What does Real Wages mean?
Real wages or real income is the amount of income received after wages have been adjusted for inflation. Real wages can also be deduced from the amount of services and good which can be purchased by a certain wage. The term is generally contrasted with what is called the nominal wage or the wage which is not adjusted for inflation.
Decreasing Real Wages
Real wages decrease as inflation increases, a symptom of too much money chasing too few goods. This is generally a result of a central bank printing too much money in order to monetize the nation's debt. The rapid increase in money supply causes currency to lose value against hard assets and foreign currencies.
Calculating your real wage and considerations for employment
If you want to understand how much you can really buy or what your real wage is it is a bit more complicated than multiplying your hourly wage times the numbers of hours you work each week. In fact, you will first need to calculate external costs of working, including commuting costs, transportation costs, and the time it takes for you to get to work. But what about other benefits you receive from work? Benefits such as retirement savings, paid vacations, and other benefits have to be considered and added back into the calculation.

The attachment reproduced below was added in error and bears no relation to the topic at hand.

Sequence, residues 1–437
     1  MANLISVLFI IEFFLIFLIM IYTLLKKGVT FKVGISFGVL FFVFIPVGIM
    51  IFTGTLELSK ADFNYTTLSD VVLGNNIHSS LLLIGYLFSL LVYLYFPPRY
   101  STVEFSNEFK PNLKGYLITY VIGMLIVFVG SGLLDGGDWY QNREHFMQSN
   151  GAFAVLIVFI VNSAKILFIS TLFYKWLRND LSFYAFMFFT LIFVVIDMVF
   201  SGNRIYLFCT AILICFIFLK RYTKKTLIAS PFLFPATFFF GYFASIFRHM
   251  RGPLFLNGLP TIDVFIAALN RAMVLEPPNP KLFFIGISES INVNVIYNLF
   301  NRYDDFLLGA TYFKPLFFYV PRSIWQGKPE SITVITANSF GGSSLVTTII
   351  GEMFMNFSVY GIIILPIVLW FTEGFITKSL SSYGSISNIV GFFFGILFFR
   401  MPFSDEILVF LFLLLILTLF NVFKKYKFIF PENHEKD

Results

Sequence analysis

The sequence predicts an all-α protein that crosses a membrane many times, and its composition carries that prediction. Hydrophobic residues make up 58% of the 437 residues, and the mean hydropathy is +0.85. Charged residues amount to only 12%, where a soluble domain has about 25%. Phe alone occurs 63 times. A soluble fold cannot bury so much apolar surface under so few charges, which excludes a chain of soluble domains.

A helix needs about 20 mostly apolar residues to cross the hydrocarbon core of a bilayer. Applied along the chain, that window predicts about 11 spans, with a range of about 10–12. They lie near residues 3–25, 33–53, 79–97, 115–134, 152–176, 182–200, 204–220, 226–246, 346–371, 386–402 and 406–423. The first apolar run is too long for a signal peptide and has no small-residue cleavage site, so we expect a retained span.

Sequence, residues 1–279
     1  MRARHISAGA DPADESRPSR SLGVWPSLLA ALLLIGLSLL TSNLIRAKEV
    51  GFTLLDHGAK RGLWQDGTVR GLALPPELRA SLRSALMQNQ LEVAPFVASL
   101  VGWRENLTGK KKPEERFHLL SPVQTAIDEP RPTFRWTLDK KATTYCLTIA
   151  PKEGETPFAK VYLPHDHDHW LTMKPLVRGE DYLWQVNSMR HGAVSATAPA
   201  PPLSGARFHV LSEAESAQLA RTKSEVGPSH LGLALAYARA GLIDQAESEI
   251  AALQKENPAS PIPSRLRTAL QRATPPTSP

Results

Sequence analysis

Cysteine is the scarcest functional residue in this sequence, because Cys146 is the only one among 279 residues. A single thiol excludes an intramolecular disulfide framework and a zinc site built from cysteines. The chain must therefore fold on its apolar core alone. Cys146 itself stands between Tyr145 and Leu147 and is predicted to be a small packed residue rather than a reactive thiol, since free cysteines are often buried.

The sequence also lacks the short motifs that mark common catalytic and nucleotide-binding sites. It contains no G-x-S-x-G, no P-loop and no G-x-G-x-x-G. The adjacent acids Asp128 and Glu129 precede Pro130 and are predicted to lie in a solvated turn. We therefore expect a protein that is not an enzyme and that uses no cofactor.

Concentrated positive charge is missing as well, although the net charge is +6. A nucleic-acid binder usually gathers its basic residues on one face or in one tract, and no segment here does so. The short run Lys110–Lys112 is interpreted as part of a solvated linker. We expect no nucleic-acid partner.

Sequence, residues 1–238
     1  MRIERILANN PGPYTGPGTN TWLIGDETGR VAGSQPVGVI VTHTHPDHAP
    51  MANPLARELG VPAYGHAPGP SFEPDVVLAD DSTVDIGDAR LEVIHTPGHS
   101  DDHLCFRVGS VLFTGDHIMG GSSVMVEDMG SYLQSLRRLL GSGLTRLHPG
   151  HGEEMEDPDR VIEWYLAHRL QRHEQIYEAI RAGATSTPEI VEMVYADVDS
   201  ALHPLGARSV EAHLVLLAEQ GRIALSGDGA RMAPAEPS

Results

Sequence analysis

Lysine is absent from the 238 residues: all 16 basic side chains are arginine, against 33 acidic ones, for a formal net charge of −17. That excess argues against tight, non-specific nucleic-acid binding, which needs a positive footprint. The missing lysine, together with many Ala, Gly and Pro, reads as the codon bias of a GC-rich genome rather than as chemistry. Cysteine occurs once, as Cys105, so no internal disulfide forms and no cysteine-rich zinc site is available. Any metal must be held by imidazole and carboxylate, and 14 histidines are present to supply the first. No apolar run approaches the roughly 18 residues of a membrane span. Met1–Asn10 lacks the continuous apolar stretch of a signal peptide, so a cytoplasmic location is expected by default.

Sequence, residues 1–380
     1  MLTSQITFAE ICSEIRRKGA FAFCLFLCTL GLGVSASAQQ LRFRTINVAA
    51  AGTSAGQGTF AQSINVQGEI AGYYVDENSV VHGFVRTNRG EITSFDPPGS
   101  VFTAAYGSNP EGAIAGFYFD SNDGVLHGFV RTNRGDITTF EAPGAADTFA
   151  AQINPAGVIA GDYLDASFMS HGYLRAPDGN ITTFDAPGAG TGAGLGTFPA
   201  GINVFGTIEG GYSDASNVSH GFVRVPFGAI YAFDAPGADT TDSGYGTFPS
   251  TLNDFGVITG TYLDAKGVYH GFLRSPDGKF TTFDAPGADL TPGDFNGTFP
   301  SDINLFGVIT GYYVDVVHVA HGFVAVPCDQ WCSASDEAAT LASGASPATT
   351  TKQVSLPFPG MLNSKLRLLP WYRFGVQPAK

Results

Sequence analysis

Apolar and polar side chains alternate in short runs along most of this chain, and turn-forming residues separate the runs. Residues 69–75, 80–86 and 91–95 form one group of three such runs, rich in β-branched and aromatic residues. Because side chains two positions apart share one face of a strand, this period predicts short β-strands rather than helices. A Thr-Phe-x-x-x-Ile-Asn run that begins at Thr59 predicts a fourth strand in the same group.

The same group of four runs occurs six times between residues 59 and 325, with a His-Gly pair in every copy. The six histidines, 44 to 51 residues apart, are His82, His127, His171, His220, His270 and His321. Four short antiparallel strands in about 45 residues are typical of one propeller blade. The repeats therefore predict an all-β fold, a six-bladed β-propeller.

Why does your real wage matter? Imagine you are considering moving to California from Texas or working an extra shift. Before making any employment decisions it makes sense to evaluate the hidden costs and benefits of the job which are not included in your wage.
Without the right considerations, calculations and a full understanding of calculating your real wage you could end up moving to a new job in California only to find the cost of living, transportation costs, and increased housing costs eliminated any additional income you received. In fact, in this example, unless your nominal wage increases dramatically, you may have less money to spend because your real wage actually decreased.